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Pseudocholinesterase deficiency is a condition that results in increased sensitivity to certain muscle relaxant drugs used during general anesthesia, called choline esters. These fast-acting drugs, such as succinylcholine and mivacurium, are given to relax the muscles used for movement (skeletal muscles), including the muscles involved in breathing. The drugs are often employed for brief surgical procedures or in emergencies when a breathing tube must be inserted quickly. Normally, these drugs are broken down (metabolized) by the body within a few minutes of being administered, at which time the muscles can move again. However, people with pseudocholinesterase deficiency may not be able to move or breathe on their own for a few hours after the drugs are administered. Affected individuals must be supported with a machine to help them breathe (mechanical ventilation) until the drugs are cleared from the body.
People with pseudocholinesterase deficiency may also have increased sensitivity to certain other drugs, including the local anesthetic procaine, and to specific agricultural pesticides. The condition causes no other signs or symptoms and is usually not discovered until an abnormal drug reaction occurs.
Pseudocholinesterase deficiency occurs in 1 in 3,200 to 1 in 5,000 people. It is more common in certain populations, such as the Persian Jewish community and Alaska Natives.
Pseudocholinesterase deficiency can be caused by mutations in the BCHE gene. This gene provides instructions for making the pseudocholinesterase enzyme, also known as butyrylcholinesterase, which is produced by the liver and circulates in the blood. The pseudocholinesterase enzyme is involved in the breakdown of choline ester drugs. It is likely that the enzyme has other functions in the body, but these functions are not well understood. Studies suggest that the enzyme may be involved in the transmission of nerve signals.
Some BCHE gene mutations that cause pseudocholinesterase deficiency result in an abnormal pseudocholinesterase enzyme that does not function properly. Other mutations prevent the production of the pseudocholinesterase enzyme. A lack of functional pseudocholinesterase enzyme impairs the body's ability to break down choline ester drugs efficiently, leading to abnormally prolonged drug effects.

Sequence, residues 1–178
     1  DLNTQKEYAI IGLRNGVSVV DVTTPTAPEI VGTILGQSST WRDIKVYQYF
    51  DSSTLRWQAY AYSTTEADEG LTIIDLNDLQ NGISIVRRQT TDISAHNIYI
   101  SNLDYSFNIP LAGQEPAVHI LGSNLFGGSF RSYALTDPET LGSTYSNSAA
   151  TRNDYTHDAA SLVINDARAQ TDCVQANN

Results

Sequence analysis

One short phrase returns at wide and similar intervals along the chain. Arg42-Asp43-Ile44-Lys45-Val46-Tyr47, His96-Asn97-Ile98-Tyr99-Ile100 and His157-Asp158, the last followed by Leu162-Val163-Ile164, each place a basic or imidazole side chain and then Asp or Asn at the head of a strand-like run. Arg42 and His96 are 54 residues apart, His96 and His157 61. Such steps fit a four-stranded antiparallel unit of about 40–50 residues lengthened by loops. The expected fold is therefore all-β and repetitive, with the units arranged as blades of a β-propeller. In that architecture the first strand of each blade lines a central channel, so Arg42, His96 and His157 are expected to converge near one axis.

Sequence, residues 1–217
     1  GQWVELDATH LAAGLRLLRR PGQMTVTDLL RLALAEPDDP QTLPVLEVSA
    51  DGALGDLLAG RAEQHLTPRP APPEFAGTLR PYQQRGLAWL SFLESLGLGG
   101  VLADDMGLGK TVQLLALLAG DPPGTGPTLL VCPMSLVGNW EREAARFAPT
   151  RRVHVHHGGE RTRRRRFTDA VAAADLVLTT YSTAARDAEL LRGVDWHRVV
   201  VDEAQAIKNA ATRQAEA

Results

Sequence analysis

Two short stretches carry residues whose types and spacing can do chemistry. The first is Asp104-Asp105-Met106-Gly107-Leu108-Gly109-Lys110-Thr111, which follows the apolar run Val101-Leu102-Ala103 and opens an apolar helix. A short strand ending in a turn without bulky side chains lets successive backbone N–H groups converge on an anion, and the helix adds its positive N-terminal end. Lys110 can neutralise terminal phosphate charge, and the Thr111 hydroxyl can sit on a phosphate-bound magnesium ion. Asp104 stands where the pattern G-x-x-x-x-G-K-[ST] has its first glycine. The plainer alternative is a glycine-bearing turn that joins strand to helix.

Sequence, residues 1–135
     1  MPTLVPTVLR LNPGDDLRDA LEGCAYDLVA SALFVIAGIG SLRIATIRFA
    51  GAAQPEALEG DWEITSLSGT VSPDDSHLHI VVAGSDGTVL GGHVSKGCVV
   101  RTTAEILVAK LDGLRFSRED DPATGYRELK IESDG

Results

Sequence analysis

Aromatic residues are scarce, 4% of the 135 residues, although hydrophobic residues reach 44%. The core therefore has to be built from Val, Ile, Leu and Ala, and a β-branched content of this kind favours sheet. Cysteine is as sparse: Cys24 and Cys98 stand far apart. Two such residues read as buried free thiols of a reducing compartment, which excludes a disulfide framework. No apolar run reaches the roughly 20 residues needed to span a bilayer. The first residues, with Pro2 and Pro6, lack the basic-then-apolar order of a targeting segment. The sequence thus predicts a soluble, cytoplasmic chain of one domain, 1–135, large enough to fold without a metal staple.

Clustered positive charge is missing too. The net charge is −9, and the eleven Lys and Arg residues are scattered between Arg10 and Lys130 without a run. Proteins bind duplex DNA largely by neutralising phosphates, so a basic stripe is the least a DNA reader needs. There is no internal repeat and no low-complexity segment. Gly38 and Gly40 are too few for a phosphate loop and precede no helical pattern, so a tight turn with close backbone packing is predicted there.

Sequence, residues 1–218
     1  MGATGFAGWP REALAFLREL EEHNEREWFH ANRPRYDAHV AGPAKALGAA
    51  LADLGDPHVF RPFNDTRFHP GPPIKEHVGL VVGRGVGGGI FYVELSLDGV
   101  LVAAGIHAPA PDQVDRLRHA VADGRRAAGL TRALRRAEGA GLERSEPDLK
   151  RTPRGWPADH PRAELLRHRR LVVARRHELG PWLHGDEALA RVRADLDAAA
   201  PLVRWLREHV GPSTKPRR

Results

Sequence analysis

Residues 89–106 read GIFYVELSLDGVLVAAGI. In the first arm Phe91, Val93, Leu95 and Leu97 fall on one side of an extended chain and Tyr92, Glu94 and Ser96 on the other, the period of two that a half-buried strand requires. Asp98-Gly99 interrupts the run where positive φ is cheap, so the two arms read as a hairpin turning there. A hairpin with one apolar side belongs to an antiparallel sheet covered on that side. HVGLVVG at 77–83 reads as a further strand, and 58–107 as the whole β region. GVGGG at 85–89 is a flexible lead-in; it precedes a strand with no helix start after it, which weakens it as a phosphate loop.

Pseudocholinesterase deficiency can also have nongenetic causes. In these cases, the condition is called acquired pseudocholinesterase deficiency; it is not inherited and cannot be passed to the next generation. Activity of the pseudocholinesterase enzyme can be impaired by kidney or liver disease, malnutrition, major burns, cancer, or certain drugs.
Changes in this gene are associated with pseudocholinesterase deficiency.
When due to genetic causes, this condition is inherited in an autosomal recessive pattern, which means both copies of the gene in each cell have mutations. Most often, the parents of an individual with an autosomal recessive disorder have one copy of the altered gene in each cell and are called carriers. They can pass on the gene mutation to their children, but they do not usually experience signs and symptoms of the disorder. In some cases, carriers of BCHE gene mutations take longer than usual to clear choline ester drugs from the body, but not as long as those with two copies of the altered gene in each cell.
These resources address the diagnosis or management of pseudocholinesterase deficiency and may include treatment providers.
You might also find information on the diagnosis or management of pseudocholinesterase deficiency in Educational resources and Patient support.
General information about the diagnosis (http://ghr.nlm.nih.gov/handbook/consult/diagnosis) and management (http://ghr.nlm.nih.gov/handbook/consult/treatment) of genetic conditions is available in the Handbook.
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You may find the following resources about pseudocholinesterase deficiency helpful. These materials are written for the general public.
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For more information about naming genetic conditions, see the Genetics Home Reference Condition Naming Guidelines (http://ghr.nlm.nih.gov/ConditionNameGuide) and How are genetic conditions and genes named? (http://ghr.nlm.nih.gov/handbook/mutationsanddisorders/naming) in the Handbook.
Ask the Genetic and Rare Diseases Information Center (https://rarediseases.info.nih.gov/gard).
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